T he established ways of inspecting onshore wind turbines are by crane or by using drones. Both options are time consuming and expensive.
Sub-contractors are used for the inspections which normally take place every second year.
Operations & Maintenance manager at Nuon Teus van Verseveld is an active birdwatcher who usually keeps his telescope in the back of the car. Teus van Verseveld watches birds when he’s not busy inspecting wind farms.
“I found out that I could use an adapter and attach a camera to the telescope enabling me to take pictures of the rotor blades. I started doing my inspections this summer and it works perfectly. It is faster, I can inspect six to seven turbines a day while the conventional way of doing it can manage maybe two turbines a day.”
Since the summer, van Verseveld has inspected 60 onshore turbines in the Netherlands. His findings include a rotor blade damaged by lightning at the Jaap Rodenburg wind farm and a blade showing a substantial crack at wind farm Eemmeerdijk.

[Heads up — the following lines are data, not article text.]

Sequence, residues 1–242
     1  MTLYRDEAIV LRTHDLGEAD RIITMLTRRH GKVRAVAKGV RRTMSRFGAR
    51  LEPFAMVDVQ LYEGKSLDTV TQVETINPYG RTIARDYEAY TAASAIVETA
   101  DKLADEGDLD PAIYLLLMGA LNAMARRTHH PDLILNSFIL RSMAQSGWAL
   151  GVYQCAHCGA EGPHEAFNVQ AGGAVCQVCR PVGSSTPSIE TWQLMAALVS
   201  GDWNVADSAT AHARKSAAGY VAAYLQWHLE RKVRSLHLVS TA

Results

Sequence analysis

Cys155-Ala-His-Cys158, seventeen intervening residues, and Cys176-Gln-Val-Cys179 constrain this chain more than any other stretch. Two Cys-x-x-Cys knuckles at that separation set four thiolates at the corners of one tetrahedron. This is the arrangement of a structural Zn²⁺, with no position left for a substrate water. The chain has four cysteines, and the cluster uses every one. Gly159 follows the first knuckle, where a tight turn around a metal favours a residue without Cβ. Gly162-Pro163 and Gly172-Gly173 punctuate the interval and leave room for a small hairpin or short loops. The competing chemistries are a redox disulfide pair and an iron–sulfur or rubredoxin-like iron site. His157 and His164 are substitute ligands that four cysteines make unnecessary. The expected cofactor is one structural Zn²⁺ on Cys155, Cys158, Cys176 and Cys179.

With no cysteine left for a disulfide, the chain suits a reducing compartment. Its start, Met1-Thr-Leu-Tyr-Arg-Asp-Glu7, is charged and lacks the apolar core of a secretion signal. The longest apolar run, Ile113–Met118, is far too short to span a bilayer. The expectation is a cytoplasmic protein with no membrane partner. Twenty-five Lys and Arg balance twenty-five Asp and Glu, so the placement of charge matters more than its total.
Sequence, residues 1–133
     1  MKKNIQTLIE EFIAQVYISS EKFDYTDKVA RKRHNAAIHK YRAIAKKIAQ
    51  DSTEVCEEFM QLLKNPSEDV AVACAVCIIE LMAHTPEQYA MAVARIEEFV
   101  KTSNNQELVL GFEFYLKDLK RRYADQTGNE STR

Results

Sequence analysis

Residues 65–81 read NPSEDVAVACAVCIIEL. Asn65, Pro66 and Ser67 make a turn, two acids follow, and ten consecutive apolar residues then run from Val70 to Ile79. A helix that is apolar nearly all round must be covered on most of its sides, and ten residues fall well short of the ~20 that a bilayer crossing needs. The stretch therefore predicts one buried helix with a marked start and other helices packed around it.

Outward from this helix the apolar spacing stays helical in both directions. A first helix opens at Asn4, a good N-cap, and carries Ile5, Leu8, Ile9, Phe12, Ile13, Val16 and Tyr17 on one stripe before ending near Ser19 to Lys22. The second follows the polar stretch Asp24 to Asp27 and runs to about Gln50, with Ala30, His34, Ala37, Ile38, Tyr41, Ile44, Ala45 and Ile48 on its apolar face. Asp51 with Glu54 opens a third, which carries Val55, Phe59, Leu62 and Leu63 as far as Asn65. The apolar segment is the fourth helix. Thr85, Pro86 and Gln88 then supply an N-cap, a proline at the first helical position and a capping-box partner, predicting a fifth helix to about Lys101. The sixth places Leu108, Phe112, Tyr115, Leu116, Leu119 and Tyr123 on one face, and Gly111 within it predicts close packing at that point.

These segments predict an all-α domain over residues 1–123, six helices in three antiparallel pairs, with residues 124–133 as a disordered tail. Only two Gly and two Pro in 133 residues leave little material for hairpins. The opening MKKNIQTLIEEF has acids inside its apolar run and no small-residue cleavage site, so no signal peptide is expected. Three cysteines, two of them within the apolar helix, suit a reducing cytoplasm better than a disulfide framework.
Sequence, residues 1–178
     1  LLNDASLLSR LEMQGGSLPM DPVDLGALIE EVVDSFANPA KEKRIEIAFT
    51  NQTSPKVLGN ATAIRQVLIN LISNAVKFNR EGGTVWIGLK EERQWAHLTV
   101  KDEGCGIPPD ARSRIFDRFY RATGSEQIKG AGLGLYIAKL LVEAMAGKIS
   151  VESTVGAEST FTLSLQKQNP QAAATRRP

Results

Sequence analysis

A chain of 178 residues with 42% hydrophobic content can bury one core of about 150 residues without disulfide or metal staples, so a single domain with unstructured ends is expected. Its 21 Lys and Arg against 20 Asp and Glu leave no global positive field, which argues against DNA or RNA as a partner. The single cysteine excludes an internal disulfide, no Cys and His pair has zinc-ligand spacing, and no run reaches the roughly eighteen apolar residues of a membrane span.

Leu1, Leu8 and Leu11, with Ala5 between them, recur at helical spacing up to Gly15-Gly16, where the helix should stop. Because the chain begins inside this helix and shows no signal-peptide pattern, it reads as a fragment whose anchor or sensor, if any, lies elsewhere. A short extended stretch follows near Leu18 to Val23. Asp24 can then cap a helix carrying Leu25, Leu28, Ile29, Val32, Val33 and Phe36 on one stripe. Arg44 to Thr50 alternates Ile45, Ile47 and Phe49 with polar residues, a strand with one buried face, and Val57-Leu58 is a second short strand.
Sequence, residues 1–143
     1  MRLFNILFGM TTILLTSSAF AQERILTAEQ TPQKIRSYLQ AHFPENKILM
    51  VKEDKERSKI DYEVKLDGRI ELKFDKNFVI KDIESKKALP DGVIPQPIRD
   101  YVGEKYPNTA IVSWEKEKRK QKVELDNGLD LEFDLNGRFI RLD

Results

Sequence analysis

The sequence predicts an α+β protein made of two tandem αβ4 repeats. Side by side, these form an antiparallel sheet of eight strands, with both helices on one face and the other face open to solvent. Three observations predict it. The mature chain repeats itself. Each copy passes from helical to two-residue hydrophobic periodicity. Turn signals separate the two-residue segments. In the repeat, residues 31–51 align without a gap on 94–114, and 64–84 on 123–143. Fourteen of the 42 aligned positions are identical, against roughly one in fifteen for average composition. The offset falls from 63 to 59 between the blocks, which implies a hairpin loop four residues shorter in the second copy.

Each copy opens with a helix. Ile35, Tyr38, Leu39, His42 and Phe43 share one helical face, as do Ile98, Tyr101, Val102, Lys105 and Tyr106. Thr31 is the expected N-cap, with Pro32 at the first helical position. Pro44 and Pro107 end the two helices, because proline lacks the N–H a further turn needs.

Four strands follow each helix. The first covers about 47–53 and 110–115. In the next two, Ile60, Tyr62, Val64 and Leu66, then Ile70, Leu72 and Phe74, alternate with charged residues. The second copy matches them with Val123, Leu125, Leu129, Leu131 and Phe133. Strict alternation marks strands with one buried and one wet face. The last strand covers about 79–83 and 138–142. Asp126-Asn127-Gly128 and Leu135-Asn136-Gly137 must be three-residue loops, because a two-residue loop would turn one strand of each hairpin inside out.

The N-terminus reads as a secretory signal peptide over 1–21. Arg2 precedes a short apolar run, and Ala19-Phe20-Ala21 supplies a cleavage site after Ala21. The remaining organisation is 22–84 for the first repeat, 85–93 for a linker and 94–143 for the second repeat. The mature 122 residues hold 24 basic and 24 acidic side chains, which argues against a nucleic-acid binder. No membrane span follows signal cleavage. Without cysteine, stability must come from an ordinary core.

“I still keep the telescope in my car and try to carry out inspections as often as possible. This method saves the company money, time and it is safer since no one has to climb the turbine or be hoisted on to it by crane.”
Stability is an important factor for van Verseveld’s inspections. He uses a tripod for the Swarovski telescope.
“Onshore there is no problem with this method but offshore would be more of a challenge.”
Teus van Verseveld recently shared his experiences from inspecting rotor blades with a telescope, with colleagues from all over Europe.
“This method enables us to do more frequent inspections and to identify damage at an early stage. Mechanics are then immediately notified. The shorter period of time a turbine has to be taken out of operation, the more money it saves the company.”